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Kyle Larson Feels NASCAR Excuses for Not Increasing Horsepower Don’t Hold Water

Kyle Larson NASCAR horsepower 2024 Next Gen car Short track package

Photo Credit: Craig White, TobyChristie.com

Add Kyle Larson to the growing list of drivers in the NASCAR Cup Series that would like to see a move to increase horsepower in the Next Gen car after the revised short-track package only improved the product at Phoenix Raceway very minimally this past weekend.

Larson was on the Dale Jr. Download this week, where the topic came up, and he said he’s confused as to why NASCAR is so reluctant to at least give additional horsepower in an attempt to see if it could improve the racing at short tracks.

“At least try it,” Larson said. “Just take us to, I don’t know, Richmond or wherever, and go test. Go to Martinsville. Go test and try it out.”

Larson is the second big-name driver to raise the question of horsepower this week, the other being Denny Hamlin, who talked about it on his show Actions Detrimental. Hamlin, who is the co-owner of the 23XI Racing team, says that the engine bill is no different for the teams with the reduction in horsepower and that teams were spending the same amount when they were bringing 900 horsepower engines to the track a few years ago.

Hamlin said if you want to know why the horsepower is where it’s at currently, to, “call Jim France and ask.”

NASCAR Cup Series Managing Director Brad Moran spoke with SiriusXM NASCAR Radio this week about the situation this week, and he says that he believes the engine bill would not actually be the same if horsepower was increased for the NASCAR Cup Series teams from its current level of 670.

“Once we open up the horsepower, we have to have all three manufacturers on board,” Moran said. “As soon as you open that up, there’s going to be development, there’s going to be reliability issues and putting that cost back into the engine builder’s category, where they certainly will develop the engine. As soon you open any horsepower, they’re automatically going to do that. They’re the best at it, and that’s what they do.”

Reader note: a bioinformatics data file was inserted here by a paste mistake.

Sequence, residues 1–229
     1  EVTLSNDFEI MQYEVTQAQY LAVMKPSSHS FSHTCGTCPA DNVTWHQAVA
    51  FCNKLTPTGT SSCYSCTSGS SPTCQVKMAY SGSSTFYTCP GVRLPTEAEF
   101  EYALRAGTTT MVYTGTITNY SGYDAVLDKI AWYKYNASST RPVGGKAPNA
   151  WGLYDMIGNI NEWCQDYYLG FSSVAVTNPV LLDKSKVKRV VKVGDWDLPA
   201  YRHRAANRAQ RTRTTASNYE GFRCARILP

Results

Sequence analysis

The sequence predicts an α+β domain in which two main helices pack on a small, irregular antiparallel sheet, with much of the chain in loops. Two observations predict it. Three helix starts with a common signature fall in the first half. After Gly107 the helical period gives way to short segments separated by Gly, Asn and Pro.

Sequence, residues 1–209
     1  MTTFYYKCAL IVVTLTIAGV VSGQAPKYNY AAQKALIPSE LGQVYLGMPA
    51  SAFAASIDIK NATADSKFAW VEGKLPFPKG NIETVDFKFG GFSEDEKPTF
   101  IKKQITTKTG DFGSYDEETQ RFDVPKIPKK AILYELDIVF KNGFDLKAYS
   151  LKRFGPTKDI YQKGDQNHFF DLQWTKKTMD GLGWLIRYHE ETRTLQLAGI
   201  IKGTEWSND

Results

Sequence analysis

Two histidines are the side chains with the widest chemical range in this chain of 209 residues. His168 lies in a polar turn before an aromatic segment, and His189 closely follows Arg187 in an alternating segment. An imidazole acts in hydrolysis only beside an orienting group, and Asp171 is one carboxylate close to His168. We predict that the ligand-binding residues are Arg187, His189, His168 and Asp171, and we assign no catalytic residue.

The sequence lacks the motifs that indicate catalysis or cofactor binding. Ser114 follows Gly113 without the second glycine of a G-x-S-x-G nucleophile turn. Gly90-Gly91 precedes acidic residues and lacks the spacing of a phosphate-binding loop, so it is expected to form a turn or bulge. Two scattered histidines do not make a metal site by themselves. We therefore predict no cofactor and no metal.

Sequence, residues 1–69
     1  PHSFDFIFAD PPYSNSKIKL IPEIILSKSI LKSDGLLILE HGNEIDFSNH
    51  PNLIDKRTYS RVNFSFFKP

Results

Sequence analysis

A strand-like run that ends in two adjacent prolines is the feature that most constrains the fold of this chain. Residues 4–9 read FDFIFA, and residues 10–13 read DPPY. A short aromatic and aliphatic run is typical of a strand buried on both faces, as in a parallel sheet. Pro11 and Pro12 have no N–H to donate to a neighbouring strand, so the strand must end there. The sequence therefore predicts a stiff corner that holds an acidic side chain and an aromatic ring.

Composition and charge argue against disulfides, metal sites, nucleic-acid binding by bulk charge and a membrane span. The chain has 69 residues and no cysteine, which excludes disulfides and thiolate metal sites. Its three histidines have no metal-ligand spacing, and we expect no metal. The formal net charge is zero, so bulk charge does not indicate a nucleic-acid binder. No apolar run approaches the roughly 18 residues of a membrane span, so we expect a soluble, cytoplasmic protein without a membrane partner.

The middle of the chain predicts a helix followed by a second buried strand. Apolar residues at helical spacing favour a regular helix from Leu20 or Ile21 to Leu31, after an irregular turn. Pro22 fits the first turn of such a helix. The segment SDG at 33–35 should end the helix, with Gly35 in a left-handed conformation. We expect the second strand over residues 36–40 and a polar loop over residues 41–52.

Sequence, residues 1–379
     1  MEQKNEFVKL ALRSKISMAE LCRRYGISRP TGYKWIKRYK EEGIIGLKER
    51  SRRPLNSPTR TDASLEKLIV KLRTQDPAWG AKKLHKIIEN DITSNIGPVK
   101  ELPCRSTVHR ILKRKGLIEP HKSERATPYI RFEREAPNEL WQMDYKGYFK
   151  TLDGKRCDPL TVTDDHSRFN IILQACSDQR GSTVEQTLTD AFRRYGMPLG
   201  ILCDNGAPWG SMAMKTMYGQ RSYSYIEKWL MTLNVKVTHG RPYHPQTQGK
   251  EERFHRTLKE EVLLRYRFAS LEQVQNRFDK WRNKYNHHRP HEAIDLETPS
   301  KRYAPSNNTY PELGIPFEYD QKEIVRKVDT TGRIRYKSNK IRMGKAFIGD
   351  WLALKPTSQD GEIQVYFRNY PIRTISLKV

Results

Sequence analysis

Moran also chalked up the stagnant horsepower number to being where it is in efforts to attract additional manufacturers to the sport, a longstanding NASCAR talking point.

“The number we’re at seems to be where we want to be to potentially get new manufacturers interested,” Moran explained. “And if we start getting away from that number, it can create problems in that area. But we’re always open to everything and we do consider everything, but there’s a lot of different parties that have to agree before that can happen.”

Larson hears the point of NASCAR trying to appeal to new manufacturers, but at what point are these interested new manufacturers coming?

“I feel like they’ve always used the excuse of — or at least I’ve heard the excuse of — well, we’re trying to keep the horsepower to where other manufacturers might want to come in,” Larson said. “Well, as long as I’ve been in the sport, which is longer than 10 years, it’s been the same three manufacturers. So, maybe somebody else is coming, and maybe they’re the ones pushing for the horsepower, but I’ve yet to see anybody new come in. And all of these engine builders and teams are saying it’s not going to cost any different to do it.”

For those wondering how long it would take, and how intensive of a process it would be for the engine shops to bring a higher powered engine, Larson says the Hendrick Motorsports engine department has told him they could bring 1,000 horsepower engines to the track as early as next week. A sentiment that Hamlin also shared.

Last fall at Phoenix Raceway, NASCAR’s Chief Operating Officer Steve O’Donnell expressed that everything was on the table for NASCAR to improve the short track package for the NASCAR Cup Series — including expanding horsepower numbers. O’Donnell was hopeful to make massive gains to the product without changing the horsepower, but said it would be in the toolchest if needed.

If a new manufacturer is not currently at the table negotiating with NASCAR to join the fray, perhaps it’s time for NASCAR to open up on the horsepower numbers for the short tracks at the very least.

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2 Responses

  1. TRY 1000 HP AT NORTH WILKESBORO THIS YEAR, NON-POINTS SHOW AND LET’S SEE IF IT IMPROVES SHORT TRACK RACING, YOU WILL LOSE FANS TO THESE BORING SHORT TRACKS IF THEY DON’T DO SOMETHING!!

  2. I totally agree with we need more horsepower. All the manufacturers that are in NASCAR now have street cars with more horsepower than a Cup Series car has. That’s pathetic it wouldn’t add squat to the cost to build a 900hp motor. Then on top of that you would see who could really drive. As you should have to use the brake pedal and the gas pedal in every corner not hold the gas pedal to floor every corner every lap. And on the short tracks 900 hp would be exciting to watch.

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